A spokesman for Schura Bremen, a federation of the city-state's Muslims, told The Local that Muslims had been disheartened by the raid on the mosque.
Rather than jumping straight into raids, he said, police should try “speaking eye-to-eye with social organizations, including the Islamic Federation” as a longer-term way to fight extremism.
The Islamic Culture Centre in Bremen (IKZ) said in a press conference on Tuesday evening that it would launch legal proceedings against police after the storming of the mosque last Saturday.
“We're being put into the stocks publicly even though we aren't charged with anything,” said IKZ chairman Mohammad Omar Habibzada.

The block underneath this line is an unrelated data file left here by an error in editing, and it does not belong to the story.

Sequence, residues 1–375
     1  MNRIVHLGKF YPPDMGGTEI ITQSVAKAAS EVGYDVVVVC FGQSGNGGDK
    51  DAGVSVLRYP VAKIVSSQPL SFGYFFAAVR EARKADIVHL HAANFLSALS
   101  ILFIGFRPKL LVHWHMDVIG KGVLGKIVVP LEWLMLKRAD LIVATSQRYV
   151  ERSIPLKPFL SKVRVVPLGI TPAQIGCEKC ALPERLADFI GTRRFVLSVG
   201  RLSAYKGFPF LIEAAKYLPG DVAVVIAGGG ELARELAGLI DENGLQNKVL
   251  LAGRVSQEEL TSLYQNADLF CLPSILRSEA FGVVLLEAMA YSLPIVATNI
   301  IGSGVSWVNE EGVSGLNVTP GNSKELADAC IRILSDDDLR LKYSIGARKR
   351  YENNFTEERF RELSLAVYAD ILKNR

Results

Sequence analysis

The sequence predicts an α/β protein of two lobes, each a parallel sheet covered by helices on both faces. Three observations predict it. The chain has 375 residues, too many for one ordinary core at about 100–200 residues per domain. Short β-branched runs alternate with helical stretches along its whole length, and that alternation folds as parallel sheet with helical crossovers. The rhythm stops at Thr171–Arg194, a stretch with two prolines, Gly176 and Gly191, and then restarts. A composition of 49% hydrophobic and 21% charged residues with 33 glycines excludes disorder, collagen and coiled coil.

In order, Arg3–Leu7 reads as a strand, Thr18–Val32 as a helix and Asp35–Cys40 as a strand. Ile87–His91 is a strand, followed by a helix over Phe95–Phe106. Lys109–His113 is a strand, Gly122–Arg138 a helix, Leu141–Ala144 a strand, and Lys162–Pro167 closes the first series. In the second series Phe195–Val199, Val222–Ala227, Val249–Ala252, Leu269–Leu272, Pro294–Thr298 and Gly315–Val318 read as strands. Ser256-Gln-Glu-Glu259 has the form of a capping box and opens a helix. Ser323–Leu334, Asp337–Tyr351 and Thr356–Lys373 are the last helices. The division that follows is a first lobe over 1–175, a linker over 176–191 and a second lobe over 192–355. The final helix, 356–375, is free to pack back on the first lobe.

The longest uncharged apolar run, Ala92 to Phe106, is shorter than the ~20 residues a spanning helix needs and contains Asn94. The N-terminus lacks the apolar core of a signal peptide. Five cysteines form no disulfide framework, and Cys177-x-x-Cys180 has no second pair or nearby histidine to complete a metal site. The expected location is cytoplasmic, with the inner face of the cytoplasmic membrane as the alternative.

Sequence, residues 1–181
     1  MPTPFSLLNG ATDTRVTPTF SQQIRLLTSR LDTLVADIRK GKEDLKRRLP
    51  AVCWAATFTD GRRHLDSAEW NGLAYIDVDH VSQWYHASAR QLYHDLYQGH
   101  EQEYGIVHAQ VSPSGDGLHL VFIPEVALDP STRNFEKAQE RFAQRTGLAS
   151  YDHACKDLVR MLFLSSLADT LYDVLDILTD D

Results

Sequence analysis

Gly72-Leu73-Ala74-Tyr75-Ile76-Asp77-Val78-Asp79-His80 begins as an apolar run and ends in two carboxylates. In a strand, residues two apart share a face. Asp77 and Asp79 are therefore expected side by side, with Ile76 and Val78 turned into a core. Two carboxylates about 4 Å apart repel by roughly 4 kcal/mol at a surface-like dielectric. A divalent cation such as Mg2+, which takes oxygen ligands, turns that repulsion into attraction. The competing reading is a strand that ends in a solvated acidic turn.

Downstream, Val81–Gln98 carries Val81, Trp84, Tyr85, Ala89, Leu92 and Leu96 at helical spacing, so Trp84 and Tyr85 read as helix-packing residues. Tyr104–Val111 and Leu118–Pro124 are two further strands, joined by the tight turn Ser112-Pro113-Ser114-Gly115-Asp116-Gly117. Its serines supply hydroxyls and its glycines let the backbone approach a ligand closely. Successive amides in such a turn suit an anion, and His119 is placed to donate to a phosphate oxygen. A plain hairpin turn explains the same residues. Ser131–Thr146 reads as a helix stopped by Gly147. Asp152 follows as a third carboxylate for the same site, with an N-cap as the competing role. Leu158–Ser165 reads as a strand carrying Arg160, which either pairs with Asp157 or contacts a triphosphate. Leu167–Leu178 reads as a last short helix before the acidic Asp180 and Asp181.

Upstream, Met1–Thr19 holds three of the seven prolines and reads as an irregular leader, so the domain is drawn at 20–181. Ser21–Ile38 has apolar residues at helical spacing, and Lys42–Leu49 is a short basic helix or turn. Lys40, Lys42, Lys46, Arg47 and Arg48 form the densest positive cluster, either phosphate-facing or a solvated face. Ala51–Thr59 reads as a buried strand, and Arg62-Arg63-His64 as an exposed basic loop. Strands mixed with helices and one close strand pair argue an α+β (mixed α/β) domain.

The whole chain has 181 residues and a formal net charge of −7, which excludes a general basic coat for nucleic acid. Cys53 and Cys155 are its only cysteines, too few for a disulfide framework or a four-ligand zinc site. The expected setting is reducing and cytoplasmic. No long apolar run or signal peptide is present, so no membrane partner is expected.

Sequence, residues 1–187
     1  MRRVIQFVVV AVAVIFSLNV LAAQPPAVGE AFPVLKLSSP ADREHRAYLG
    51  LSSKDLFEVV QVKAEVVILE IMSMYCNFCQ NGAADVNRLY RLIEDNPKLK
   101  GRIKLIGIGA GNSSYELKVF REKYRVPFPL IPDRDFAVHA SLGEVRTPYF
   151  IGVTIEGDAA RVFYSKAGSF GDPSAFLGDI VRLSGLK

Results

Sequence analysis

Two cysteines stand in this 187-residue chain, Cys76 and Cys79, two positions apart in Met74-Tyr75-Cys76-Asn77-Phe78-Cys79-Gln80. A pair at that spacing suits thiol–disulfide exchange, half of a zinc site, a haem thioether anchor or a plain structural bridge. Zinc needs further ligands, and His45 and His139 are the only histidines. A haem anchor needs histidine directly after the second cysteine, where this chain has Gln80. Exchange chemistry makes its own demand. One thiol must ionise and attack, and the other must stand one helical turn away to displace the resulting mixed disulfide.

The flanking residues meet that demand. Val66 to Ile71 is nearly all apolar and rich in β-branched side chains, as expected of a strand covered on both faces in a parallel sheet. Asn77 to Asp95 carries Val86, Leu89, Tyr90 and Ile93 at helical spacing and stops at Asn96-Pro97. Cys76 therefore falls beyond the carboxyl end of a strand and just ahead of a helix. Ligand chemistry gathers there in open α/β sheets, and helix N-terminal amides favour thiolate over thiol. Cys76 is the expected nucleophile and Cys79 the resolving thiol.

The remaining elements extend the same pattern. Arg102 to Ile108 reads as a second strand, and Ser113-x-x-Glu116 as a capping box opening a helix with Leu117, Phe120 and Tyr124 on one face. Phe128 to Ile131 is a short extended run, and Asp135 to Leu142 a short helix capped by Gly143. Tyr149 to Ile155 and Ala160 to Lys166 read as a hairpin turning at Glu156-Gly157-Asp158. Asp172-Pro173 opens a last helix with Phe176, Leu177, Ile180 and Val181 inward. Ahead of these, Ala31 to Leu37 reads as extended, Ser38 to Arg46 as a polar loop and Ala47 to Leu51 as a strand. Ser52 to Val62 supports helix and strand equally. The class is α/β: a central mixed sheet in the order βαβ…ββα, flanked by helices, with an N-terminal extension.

“We live totally normally in Bremen, we are normal neighbours, our children go to school together. We are just believers,” Habibzada told journalists at a press conference.
He also complained that politicians and the media had created a negative image of muslims in the public imagination by over-using the term "Salafist".
IKZ representatives showed journalists broken doors kicked in by police and brought forward four witnesses who were at the scene when the raid took place.
Court documents deposited by the IKZ's lawyer at the Bremen local court reveal that a 39-year-old Lebanese man arrested last weekend had bought automatic weapons in October and distributed them to people linked to the Culture Centre.
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No weapons were found at the Culture Centre itself.
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